Bone biology is physiologically complex and intimately linked to calcium homeostasis. The literature provides a wealth of qualitative and/or quantitative descriptions of cellular mechanisms, bone dynamics, associated organ dynamics, related disease sequela, and results of therapeutic interventions. We present a physiologically based mathematical model of integrated calcium homeostasis and bone biology constructed from literature data. The model includes relevant cellular aspects with major controlling mechanisms for bone remodeling and calcium homeostasis and appropriately describes a broad range of clinical and therapeutic conditions. These include changes in plasma parathyroid hormone (PTH), calcitriol, calcium and phosphate (PO4), and bone-remodeling markers as manifested by hypoparathyroidism and hyperparathyroidism, renal insufficiency, daily PTH 1-34 administration, and receptor activator of NF-kappaB ligand (RANKL) inhibition. This model highlights the utility of systems approaches to physiologic modeling in the bone field. The presented bone and calcium homeostasis model provides an integrated mathematical construct to conduct hypothesis testing of influential system aspects, to visualize elements of this complex endocrine system, and to continue to build upon iteratively with the results of ongoing scientific research. Copyright (c) 2009 Elsevier Inc. All rights reserved.
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          Regulation by vitamin D metabolites of parathyroid hormone gene transcription in vivo in the rat.

          In vitro 1,25-dihydroxycholecalciferol (1,25(OH)2D3) decreased levels of preproparathyroid(preproPTH) hormone mRNA. We have now pursued these studies in vivo in the rat. Rats were administered vitamin D metabolites i.p. and the levels of preproPTH mRNA were determined in excised parathyroid-thyroid glands by blot hybridization. PreproPTH mRNA levels were less than 4% of basal at 48 h after 100 pmol 1,25(OH)2D3, with no increase in serum calcium. Gel blots showed that 1,25(OH)2D3 decreased preproPTH mRNA levels without any change in its size (833 basepair). Microdissected parathyroids after 1,25(OH)2D3 (100 pmol) showed mRNA levels for preproPTH were 40 +/- 8% of controls, but for beta-actin were 100% of controls. The relative potencies of vitamin D metabolites were: 1,25(OH)2D3 greater than 24,25(OH)2D3 greater than 25(OH)D3 greater than vitamin D3. In vitro nuclear transcription showed that 1,25(OH)2D3-treated (100 pmol) rats' PTH transcription was 10% of control, while beta-actin was 100%. These results show that 1,25(OH)2D3 regulates PTH gene transcription. PTH stimulates 1,25(OH)2D3 synthesis, which then inhibits PTH synthesis, thus completing an endocrinological feedback loop.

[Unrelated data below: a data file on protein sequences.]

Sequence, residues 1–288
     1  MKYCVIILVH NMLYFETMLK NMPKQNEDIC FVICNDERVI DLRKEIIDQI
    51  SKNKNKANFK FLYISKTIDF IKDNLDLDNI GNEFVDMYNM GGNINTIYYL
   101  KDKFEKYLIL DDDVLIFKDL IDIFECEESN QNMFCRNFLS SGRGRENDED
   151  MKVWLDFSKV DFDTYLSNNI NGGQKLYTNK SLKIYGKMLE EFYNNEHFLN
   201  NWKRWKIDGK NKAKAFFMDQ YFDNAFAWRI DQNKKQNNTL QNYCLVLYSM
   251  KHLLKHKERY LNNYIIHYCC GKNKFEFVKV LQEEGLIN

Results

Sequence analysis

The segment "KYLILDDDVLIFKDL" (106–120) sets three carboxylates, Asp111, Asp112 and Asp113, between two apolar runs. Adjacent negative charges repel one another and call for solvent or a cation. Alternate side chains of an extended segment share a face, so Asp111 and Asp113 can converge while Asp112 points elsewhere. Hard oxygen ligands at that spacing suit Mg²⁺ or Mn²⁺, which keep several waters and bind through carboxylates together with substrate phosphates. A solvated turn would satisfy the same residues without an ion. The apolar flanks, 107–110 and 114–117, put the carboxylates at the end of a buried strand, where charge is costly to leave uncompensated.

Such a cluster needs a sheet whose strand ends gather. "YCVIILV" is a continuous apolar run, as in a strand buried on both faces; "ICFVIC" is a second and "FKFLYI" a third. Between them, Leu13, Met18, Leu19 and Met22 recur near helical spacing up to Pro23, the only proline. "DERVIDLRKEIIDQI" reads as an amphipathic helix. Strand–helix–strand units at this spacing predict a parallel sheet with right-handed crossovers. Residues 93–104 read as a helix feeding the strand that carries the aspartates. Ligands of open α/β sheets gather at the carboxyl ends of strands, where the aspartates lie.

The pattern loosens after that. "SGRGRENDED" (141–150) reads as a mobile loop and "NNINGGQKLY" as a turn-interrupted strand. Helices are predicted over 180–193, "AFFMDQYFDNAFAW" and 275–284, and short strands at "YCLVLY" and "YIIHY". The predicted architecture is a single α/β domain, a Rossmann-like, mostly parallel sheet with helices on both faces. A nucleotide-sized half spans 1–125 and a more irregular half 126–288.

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            Author and article information

            Affiliations
            [1 ]Department of Physiology, Center for Computational Medicine, University of Mississippi Medical Center, Jackson, 39216, Mississippi
            Author notes
            CorrespondenceRobert L. Hester, Department of Physiology,University of Mississippi Medical Center,2500 N State Street, Jackson, MS 39216.Tel: 601‐984‐1820Fax: 601‐984‐1817E‐mail: rhester@ 123456umc.edu
            Journal
            Physiol Rep
            Physiol Rep
            physreports
            phy2
            Physiological Reports
            Wiley Periodicals, Inc.
            2051-817X
            1 February 2014
            10 February 2014
            : 2
            : 2
            3966243 phy2231 10.1002/phy2.231
            © 2014 The Authors. Physiological Reports published by Wiley Periodicals, Inc. on behalf of the American Physiological Society and The Physiological Society.

            This is an open access article under the terms of the Creative Commons Attribution License, which permits use, distribution and reproduction in any medium, provided the original work is properly cited.